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Date of Award

5-2005

Degree Type

Capstone Project (On-Campus Access Only)

Degree Name

Doctor of Physical Therapy (DPT)

First Advisor

Nancy Cicirello, MPH, PT

Second Advisor

Daiva A. Banaitis, PhD, PT

Rights

Creative Commons License
This work is licensed under a Creative Commons Attribution-No Derivative Works 3.0 License.

Abstract

Posterior walkers are widely used in the pediatric population, with literature providing evidence of improved gait efficiency, a more normalized stride length, and more optimal upright posture during ambulation, when compared to anterior walker use. The elderly have traditionally used anterior walkers as an assistive device, and thus research into a posterior alternative has not been well investigated. Examination into the aging processes of the human body reveals significant degenerative changes that negatively affect posture, and as a result, decrease function and limit quality of life. Literature has linked posture to the presence of back pain as well as alterations in breathing efficiency and oxygen transport, making research into optimizing posture in any population a priority. Studies showing improved posture in children when ambulating with a posterior walker when compared to an anterior walker raise the question of the postural effect of posterior walker use in other populations. This study was intended to compare objective postural measurements of elderly subjects during ambulation with anterior versus posterior walkers, and provide a basis for additional research in this area. Subjects for this study were an elderly male and female, who were currently ambulating with anterior walkers. The Peak Performance System TM was used to digitize joint markers in order to determine hip and trunk angles for postural analysis. Each subject was recorded while ambulating with an anterior walker during a two week time period in order to establish a baseline. This baseline period was followed by four weekly measurements of the subjects ambulating with the posterior walker. This study. revealed high variance in posture during the baseline phase, limiting the potential for any significant findings. Objective data collected in this study is insufficient to support or refute any postural differences in elderly subjects ambulating with posterior walkers versus anterior walkers. Subjective data collected in this study, however, warrants further investigation of the effects of posterior walker use in an elderly population.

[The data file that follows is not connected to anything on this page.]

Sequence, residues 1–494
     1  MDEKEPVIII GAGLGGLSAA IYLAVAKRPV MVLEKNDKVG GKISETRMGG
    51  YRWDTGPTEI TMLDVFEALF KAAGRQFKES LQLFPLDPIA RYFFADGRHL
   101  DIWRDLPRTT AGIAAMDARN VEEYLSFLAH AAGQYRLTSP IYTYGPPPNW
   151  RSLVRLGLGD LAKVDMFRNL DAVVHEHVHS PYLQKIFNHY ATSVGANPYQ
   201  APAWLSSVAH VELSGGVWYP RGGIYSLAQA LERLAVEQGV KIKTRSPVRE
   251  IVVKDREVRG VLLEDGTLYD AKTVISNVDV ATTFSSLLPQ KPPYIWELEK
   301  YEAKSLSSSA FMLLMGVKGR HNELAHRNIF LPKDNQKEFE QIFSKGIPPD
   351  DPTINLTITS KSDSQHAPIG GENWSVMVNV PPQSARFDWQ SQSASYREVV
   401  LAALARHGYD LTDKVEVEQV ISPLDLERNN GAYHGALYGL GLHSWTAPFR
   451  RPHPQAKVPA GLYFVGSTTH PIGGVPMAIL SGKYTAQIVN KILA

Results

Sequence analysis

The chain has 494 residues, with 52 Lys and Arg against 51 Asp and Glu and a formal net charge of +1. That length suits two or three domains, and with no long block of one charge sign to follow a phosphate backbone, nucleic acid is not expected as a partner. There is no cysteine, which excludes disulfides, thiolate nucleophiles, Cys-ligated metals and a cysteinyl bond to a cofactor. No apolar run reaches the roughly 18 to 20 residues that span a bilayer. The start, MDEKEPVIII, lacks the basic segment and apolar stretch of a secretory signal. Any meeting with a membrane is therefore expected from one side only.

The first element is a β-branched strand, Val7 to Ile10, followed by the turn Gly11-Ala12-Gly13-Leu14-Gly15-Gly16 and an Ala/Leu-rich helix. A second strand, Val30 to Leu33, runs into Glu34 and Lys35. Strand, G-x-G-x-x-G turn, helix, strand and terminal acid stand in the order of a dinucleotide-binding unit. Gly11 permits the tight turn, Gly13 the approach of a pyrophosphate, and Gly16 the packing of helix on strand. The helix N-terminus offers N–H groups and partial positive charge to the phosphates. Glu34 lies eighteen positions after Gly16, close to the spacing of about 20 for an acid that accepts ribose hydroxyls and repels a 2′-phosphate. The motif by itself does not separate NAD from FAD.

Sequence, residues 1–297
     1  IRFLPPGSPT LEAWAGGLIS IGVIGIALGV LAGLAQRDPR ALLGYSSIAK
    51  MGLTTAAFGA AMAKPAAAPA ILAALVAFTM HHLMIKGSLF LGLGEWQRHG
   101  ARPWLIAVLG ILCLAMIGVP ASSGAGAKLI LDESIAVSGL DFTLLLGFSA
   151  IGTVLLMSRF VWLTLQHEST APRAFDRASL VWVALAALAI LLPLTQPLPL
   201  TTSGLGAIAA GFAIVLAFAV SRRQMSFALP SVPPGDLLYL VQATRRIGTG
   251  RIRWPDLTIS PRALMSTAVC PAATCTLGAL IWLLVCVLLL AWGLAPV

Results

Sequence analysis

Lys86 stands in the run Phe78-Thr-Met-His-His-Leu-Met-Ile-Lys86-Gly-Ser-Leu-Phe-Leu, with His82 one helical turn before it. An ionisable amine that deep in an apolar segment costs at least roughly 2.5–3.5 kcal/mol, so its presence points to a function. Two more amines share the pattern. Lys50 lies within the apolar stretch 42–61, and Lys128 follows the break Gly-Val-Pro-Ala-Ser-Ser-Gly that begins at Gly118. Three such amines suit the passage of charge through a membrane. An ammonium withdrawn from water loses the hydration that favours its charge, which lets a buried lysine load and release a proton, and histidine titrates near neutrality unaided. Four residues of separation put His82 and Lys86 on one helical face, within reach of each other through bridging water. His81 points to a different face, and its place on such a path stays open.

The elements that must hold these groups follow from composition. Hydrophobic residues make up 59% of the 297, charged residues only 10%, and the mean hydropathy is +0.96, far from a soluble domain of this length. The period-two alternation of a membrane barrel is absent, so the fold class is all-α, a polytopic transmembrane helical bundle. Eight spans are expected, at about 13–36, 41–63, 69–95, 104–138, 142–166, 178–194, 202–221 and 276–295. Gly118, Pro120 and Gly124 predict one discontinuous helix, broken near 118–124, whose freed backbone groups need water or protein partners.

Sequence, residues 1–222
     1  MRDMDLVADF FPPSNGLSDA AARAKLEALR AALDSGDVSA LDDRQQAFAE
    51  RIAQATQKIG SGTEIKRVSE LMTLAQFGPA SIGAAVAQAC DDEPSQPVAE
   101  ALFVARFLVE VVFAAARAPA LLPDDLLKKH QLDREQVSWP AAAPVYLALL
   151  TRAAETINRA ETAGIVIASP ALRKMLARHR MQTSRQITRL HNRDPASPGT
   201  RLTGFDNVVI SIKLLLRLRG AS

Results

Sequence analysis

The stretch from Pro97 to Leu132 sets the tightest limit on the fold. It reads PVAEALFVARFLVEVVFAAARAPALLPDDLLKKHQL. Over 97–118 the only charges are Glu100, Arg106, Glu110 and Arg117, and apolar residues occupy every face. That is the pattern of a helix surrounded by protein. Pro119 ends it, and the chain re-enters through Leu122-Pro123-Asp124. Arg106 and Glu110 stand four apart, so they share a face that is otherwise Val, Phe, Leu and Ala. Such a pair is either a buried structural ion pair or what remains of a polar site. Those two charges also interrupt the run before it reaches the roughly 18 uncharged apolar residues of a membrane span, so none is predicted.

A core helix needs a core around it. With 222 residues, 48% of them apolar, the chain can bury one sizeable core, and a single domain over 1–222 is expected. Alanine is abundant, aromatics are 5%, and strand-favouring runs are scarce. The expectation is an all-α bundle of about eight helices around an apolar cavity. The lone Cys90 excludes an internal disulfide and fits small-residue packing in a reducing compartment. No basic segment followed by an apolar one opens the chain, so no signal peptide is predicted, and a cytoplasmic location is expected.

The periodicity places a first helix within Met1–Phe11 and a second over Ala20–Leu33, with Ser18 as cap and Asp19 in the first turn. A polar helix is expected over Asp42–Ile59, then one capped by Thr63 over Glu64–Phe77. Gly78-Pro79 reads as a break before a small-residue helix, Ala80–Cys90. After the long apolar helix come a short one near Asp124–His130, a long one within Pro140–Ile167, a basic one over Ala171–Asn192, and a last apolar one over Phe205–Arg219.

Comments

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